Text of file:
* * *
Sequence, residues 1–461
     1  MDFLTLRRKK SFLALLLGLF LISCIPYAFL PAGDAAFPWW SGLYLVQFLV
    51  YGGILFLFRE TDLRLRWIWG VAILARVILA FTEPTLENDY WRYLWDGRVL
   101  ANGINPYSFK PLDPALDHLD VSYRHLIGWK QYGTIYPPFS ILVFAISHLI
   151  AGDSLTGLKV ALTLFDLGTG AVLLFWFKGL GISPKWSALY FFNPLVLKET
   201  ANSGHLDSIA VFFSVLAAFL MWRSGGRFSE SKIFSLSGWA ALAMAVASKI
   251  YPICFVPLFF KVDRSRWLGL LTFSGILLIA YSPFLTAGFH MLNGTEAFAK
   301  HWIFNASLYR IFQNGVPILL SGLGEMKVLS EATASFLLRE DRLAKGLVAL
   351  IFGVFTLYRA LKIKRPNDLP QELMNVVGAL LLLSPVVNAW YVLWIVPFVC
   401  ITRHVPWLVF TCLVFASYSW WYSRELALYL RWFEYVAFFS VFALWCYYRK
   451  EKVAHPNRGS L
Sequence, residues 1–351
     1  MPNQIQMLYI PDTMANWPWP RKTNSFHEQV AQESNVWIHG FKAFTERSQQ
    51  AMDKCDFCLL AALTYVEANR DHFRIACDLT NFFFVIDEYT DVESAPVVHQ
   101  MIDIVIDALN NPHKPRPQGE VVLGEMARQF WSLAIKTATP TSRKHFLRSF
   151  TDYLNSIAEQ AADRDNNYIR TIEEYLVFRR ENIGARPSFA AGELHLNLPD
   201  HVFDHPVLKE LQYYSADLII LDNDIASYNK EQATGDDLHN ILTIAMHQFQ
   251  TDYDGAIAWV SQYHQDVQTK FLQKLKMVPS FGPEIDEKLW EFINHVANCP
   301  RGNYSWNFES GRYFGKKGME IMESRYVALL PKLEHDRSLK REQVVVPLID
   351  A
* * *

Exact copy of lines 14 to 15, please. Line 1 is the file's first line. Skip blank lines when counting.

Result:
    51  AMDKCDFCLL AALTYVEANR DHFRIACDLT NFFFVIDEYT DVESAPVVHQ
   101  MIDIVIDALN NPHKPRPQGE VVLGEMARQF WSLAIKTATP TSRKHFLRSF